Vanessa:  Yeah.  So basically what we found is … so first, we did … I always like to start with the academic review.  So the big academic review, we looked at 246 happiness studies, and there is some basic happy math that I think everyone should know, and I was kind of surprised I didn’t know this.  It made me feel less bad about not being that happy-go-lucky person.  So here’s the happy math.  So about 40% of our happiness is genetic, and that’s, you know, directly from our parents, what our genes are programmed for our happiness expressions or happiness levels.  About 10% is our environment, and this is the one that really gets us tripped up, because as humans, we have the tendency to say, “Hmm, I’m not happy.  I am going to move to California.  I’m going to buy a new car.  I’m going to get a new house.  I’d better find a mate.”  We like have all of these things that are almost exclusively environment, but the problem is, is that’s only 10% of our happiness levels.  So we put 90% of our energy into 10% return.  Which is why we have so many unhappy people, and why I think I was unhappy for so long.  The last one is, the rest of the percent goes to our behavior and mindset.  So this is where we have a lot more control over our happiness, and the problem is behavior and mindset seems really fuzzy, and that’s where we started to dig into our research of how could I change my behavior and mindset beyond whatever Cosmo and Marie Claire article has ever told us, which is just journal more.  Just do a gratitude journal.  Just say nightly affirmations.  Which doesn’t work for me.

Tara:  No.

Vanessa:  And I think doesn’t work for a lot of people.  So that, that’s where we focused a lot of our energy was on that behavior and mindset.

Tara:  That’s really interesting, because Michael and I, before we … before we buzzed you on the Skype were just talking about how what makes you really extraordinary is this sort of crazy ability that you have to pull out really actionable, really concrete, really just, you know, take it and do it and actually run with it things from a lot of crap that is otherwise construed as woowoo.  Like you know, journal more, which …

Vanessa:  You know, I’m allergic to fluff.

Tara:  Yeah.

Vanessa:  I don’t like that stuff.

Tara:  Yeah, totally.  So that made me wonder, like, I guess, let’s just dive right into the research.

Vanessa:  Yeah.

Tara:  That you’ve done.  So what are one or two of the things that kind of surprised you about what makes people happy, and how could we immediately apply those to our daily lives?

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Vanessa:  Okay, okay, I love it.  Okay, now, we’re getting to the good stuff.  So I’m actually, like, I actually … I raised my hands up in the air, you couldn’t see, it was very … it was very nerdy of me.  Okay.  Yes, I’m excited.  So the first thing that I was really surprised about was that when we did, we did a huge happiness audit.  So we took all these 246 academic papers, pulled out the patterns that we actually thought were doable.  Like, there were patterns in those academic papers that were great, but like weren’t actionable.  I think, you know, it was like live in a happier country.  It’s like, well, you know, I can’t like do an article and be like, “Just move to Switzerland, everyone, that’s the answer.”  So we took out the patterns that actually would work, and then we created what I call the happiness audit.  So it was a free quiz that we put up on our website, and it was running for a long time, because I wanted massive data.  I wanted over 15,000 responses, and I wanted them, you know, across ages and genders.  And what we looked at was not all the responses, but we specifically pulled out the happiest people and the unhappiest people in this data set, and we looked at what was different about the unhappy group versus the happy group, specifically, and we found that they were using happiness as a skill.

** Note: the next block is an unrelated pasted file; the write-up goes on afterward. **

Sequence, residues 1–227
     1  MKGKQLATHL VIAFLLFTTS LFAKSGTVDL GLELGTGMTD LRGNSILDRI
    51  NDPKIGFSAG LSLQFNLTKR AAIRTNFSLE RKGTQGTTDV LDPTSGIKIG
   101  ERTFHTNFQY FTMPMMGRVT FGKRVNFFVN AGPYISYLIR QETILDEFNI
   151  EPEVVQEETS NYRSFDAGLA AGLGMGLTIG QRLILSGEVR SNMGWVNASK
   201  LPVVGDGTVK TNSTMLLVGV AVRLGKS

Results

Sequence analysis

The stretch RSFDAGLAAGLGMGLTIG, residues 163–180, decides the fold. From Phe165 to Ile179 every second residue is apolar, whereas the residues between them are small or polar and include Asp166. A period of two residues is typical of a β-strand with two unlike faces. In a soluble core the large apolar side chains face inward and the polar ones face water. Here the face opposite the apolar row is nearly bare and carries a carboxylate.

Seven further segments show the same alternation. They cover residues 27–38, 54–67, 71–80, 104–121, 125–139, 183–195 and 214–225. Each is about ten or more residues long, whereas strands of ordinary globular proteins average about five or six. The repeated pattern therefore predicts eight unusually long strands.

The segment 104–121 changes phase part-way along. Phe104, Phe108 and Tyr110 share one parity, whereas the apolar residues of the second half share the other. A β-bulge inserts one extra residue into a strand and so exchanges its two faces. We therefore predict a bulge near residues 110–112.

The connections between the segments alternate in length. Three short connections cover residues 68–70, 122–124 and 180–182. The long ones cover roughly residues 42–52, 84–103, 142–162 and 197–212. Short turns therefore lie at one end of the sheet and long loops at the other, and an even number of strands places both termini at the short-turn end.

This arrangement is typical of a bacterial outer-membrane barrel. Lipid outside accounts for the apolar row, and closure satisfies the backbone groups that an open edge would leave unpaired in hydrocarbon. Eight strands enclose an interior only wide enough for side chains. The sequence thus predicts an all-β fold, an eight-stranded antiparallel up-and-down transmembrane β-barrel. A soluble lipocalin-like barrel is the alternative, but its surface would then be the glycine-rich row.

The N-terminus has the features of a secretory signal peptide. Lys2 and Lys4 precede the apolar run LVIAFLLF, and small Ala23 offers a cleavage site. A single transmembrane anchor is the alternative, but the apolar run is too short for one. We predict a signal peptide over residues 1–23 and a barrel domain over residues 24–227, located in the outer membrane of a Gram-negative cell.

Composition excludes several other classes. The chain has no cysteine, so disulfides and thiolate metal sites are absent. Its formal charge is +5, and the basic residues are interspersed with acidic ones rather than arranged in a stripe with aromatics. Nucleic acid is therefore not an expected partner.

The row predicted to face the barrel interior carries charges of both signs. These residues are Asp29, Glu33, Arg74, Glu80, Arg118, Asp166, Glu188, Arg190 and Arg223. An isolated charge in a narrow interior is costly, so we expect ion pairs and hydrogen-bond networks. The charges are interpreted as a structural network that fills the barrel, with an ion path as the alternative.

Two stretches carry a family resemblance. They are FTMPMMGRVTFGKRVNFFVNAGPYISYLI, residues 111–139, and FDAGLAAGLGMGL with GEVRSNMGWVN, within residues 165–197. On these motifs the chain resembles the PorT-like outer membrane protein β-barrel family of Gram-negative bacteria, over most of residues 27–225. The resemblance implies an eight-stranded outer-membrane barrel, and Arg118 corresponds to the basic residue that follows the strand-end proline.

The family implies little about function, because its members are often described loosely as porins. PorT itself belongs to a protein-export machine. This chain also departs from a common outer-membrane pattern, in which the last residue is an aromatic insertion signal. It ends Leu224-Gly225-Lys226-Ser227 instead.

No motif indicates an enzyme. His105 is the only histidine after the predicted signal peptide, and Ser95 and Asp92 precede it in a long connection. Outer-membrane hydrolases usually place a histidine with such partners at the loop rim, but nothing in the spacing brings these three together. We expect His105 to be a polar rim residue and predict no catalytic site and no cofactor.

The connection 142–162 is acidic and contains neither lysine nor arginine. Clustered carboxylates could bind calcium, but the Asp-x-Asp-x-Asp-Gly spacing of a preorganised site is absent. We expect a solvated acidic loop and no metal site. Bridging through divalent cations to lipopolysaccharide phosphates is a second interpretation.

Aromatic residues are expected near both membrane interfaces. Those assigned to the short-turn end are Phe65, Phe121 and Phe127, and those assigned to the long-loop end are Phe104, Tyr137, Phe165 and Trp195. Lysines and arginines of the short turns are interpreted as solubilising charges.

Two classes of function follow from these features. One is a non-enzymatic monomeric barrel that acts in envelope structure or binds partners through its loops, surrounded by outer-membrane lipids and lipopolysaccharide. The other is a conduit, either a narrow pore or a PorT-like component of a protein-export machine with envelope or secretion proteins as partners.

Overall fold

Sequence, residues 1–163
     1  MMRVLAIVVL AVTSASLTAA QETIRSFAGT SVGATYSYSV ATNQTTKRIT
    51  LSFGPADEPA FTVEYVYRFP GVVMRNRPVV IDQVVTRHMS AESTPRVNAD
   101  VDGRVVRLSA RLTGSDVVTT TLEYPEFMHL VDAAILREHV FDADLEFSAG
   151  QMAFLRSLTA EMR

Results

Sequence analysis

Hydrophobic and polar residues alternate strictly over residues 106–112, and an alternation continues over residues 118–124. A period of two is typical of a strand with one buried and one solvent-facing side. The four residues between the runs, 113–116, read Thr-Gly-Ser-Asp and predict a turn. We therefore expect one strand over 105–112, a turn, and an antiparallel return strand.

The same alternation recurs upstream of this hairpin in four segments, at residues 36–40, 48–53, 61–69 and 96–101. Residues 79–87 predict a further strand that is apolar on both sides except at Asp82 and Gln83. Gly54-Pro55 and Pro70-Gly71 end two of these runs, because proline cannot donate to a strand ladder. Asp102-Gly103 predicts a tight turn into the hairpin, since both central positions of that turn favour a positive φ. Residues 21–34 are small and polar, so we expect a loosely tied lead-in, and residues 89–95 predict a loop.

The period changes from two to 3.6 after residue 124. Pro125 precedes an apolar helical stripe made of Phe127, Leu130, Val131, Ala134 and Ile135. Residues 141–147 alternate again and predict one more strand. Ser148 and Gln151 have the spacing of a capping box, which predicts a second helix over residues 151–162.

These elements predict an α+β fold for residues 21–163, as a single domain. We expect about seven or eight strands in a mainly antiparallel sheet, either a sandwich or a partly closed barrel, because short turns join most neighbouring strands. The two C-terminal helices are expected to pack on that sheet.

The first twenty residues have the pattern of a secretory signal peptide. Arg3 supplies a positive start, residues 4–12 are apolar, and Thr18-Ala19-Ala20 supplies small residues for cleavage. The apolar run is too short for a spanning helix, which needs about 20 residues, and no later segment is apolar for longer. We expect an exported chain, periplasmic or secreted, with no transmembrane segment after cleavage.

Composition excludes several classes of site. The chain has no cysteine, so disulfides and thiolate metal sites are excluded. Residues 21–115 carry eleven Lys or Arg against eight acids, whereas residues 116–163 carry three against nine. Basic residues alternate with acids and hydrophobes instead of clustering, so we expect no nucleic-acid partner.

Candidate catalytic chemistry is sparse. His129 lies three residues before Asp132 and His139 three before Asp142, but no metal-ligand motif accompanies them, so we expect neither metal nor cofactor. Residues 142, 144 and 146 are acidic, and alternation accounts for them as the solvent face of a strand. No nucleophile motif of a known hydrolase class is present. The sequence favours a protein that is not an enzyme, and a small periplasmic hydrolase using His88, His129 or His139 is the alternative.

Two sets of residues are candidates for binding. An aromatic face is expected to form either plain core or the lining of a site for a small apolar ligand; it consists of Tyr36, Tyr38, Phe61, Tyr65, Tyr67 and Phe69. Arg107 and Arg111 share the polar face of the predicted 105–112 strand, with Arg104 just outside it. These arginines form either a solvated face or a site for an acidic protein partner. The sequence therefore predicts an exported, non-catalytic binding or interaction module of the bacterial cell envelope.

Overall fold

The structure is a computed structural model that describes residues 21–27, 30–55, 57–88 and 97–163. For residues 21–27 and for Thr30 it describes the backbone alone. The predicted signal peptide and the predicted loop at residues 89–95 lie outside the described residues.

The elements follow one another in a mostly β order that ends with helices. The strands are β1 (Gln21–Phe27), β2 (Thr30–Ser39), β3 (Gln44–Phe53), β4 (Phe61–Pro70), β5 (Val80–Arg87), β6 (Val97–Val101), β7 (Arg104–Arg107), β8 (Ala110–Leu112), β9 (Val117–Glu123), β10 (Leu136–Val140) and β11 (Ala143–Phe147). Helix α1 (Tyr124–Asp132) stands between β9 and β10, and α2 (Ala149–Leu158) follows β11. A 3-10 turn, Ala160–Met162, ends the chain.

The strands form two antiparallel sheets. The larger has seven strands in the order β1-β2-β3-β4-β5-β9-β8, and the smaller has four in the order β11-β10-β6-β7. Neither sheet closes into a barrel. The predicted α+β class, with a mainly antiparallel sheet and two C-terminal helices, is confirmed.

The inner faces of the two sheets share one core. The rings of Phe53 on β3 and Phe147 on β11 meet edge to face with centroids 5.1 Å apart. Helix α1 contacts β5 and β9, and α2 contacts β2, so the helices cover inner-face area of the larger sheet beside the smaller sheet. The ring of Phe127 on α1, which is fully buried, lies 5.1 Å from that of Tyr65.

So instead of thinking of happiness as a byproduct of an action, they actually thought of it like a language or a skill.  So the way they approached their happiness or talked about happiness was like a practice, and this is the biggest difference between the happiest and unhappiest people is the happiest people go for things in their to do list, their to do lists look like this, “Answer all my emails, hit my financial goal, buy a new house, and get my business to the next level.”  Very, very practical goals, but they were hoping that happiness would be a byproduct of those professional achievements.  Whereas happy people actually built happiness into their daily life in the structure of their life.  In other words, they didn’t let it sort of be the end result, they had it be the cause, and that is how happiness works from a scientific perspective as well.  When you look at a lot of the studies, you know, lottery winners are no happier than they were a year before they won the lottery.  They’re exactly the same level of happy.  If you look at Forbes 400 richest Americans, they have the exact same happiness levels as the Pennsylvania Amish.  Exactly the same.  So more money does not make us happier.  You know, the most beautiful people, they did a study with models, supermodels.  Supermodels and fashion models are not any happier than the rest of us.  And that is all those people who say, “When I lose 10 pounds, I’ll be happier.”  The thinnest people on Earth, literally, the thinnest people on Earth are no happier than the rest of us.

Tara:  Brilliant.  So you told us what they unhappy people’s to do lists look like, and why that doesn’t actually produce more happiness.  What does happy on a to do list look like?